Should a Physician Consider Patient's Behavior In Community After Discharge In Determining His Dangerousness ?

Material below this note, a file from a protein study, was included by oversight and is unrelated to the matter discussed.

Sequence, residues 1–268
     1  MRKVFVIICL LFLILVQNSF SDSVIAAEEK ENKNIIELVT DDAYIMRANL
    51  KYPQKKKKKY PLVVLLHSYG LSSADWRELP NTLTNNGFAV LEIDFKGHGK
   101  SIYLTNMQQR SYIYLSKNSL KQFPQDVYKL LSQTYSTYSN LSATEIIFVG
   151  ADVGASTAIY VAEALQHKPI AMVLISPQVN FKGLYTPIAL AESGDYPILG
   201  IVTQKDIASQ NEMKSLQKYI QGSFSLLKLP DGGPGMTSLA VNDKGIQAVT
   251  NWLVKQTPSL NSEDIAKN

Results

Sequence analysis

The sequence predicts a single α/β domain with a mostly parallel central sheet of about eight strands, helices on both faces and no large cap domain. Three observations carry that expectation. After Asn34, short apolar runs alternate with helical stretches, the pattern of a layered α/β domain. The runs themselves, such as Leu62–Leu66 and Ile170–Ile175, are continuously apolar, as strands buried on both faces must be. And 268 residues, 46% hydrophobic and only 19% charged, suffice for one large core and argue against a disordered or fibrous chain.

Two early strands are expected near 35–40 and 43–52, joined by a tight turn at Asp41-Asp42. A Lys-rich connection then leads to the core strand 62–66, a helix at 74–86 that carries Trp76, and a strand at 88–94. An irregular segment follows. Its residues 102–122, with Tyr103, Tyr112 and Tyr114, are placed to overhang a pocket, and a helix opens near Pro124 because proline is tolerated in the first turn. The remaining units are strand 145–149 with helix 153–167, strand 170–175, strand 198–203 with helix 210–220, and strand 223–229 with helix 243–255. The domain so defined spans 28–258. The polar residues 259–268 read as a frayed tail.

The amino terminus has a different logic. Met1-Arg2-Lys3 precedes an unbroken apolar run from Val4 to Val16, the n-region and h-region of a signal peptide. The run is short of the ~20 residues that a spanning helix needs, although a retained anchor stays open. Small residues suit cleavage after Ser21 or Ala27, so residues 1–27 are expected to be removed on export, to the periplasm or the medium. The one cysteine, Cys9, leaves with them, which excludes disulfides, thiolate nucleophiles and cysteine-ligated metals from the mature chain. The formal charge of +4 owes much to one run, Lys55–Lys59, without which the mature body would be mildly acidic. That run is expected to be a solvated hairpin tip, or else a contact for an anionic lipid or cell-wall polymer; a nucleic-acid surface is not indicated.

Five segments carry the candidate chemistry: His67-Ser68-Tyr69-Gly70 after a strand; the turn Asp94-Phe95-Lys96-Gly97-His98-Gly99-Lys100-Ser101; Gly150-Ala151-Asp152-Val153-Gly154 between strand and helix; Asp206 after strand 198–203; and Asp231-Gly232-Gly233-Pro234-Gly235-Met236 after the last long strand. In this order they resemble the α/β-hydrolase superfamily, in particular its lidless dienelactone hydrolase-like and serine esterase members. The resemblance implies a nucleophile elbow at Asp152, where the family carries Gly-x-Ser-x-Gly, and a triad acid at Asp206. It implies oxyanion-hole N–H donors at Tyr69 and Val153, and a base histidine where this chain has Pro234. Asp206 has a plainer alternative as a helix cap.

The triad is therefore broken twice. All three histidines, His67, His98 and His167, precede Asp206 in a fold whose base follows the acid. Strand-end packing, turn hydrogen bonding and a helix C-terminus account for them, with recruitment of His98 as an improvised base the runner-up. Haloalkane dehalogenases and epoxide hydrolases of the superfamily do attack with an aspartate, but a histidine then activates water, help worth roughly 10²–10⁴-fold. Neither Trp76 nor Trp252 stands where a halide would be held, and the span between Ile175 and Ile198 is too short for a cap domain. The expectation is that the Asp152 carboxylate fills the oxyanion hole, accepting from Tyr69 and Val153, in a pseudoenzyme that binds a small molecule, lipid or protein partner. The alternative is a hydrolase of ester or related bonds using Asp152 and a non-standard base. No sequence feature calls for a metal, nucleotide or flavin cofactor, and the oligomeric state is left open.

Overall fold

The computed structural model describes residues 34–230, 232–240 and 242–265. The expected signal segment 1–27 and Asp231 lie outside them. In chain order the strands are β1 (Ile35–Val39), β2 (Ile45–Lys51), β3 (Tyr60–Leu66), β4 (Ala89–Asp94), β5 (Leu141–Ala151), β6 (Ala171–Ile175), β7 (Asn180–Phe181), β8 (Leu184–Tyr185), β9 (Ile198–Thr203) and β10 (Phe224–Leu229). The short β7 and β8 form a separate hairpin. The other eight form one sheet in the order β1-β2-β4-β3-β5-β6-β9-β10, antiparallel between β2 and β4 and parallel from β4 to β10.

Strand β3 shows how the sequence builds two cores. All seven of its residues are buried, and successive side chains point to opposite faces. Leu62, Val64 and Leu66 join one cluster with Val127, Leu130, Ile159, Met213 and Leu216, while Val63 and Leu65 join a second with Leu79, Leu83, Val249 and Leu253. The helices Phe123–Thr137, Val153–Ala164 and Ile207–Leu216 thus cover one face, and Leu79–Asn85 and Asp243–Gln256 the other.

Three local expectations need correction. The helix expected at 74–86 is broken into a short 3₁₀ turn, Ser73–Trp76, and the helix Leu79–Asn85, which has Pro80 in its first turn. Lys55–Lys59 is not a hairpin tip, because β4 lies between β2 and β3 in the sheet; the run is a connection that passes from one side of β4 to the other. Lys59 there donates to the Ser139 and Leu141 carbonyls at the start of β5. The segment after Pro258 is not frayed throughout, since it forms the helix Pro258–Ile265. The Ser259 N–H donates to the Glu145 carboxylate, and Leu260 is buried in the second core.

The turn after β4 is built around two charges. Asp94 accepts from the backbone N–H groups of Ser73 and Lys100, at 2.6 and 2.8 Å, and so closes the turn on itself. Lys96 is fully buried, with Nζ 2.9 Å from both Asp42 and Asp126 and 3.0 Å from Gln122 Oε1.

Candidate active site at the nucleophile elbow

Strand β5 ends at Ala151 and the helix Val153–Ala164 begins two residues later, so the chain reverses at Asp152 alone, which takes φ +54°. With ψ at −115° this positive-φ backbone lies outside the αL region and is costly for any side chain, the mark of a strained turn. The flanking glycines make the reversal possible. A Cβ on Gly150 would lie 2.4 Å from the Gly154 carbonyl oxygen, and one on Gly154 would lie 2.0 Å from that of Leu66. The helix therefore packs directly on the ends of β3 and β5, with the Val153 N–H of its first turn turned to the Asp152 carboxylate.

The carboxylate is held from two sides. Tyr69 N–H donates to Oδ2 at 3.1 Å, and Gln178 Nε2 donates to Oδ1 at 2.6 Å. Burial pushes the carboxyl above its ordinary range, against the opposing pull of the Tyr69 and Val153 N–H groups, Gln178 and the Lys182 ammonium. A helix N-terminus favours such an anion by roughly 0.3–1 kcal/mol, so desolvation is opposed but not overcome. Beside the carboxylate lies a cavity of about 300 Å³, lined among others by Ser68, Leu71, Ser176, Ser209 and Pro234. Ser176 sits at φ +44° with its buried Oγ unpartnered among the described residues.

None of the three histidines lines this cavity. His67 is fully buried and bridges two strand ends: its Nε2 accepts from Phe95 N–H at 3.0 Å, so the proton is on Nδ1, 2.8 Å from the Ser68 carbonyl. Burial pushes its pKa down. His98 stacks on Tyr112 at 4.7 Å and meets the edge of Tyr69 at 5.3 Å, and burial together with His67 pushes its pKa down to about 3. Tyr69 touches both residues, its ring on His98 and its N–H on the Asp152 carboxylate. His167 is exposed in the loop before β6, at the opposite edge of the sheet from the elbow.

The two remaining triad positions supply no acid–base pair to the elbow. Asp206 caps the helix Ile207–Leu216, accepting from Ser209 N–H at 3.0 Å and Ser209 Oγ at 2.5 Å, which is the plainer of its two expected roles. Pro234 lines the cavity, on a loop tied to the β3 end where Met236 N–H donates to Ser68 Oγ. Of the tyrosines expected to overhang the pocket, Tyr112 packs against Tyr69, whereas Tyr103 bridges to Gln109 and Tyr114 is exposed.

In Matter of Seltzer v. Hogue (187 AD2d 230 [2d Dept 1993]) the Second Department was presented with a civil committee whose behavior improved in the hospital, yet who, upon discharge, would not comply with treatment and quickly deteriorated into substance abuse and dangerousness. (Id., at 238.) The Court found that physicians could take into account the patient's behavior in the community, after discharge, in making a determination of dangerousness. (Id., at 238.) The Court authorized retention of the patient, pursuant to Mental Hygiene Law 9.33, holding that (at 237-238) "The unrebutted evidence adduced from Dr. Kathpalia's expert psychiatric testimony, Hogue's medical records, and the personal observations of Lisa Lehr, depicts an individual who is presently suffering from mental illness and who has had a long history of mental illness and dangerous behavior dating back almost 30 years. This evidence also indicates that although Hogue's external behavior has improved somewhat in Creedmoor (a structured setting in which he takes certain seizure medication), he has a history of noncompliance with any treatment program upon his release from psychiatric hospitals. Indeed, once he is released from these institutions, his mental illness invariably deteriorates to the point that he engages in substance abuse and activities which are dangerous to himself and others."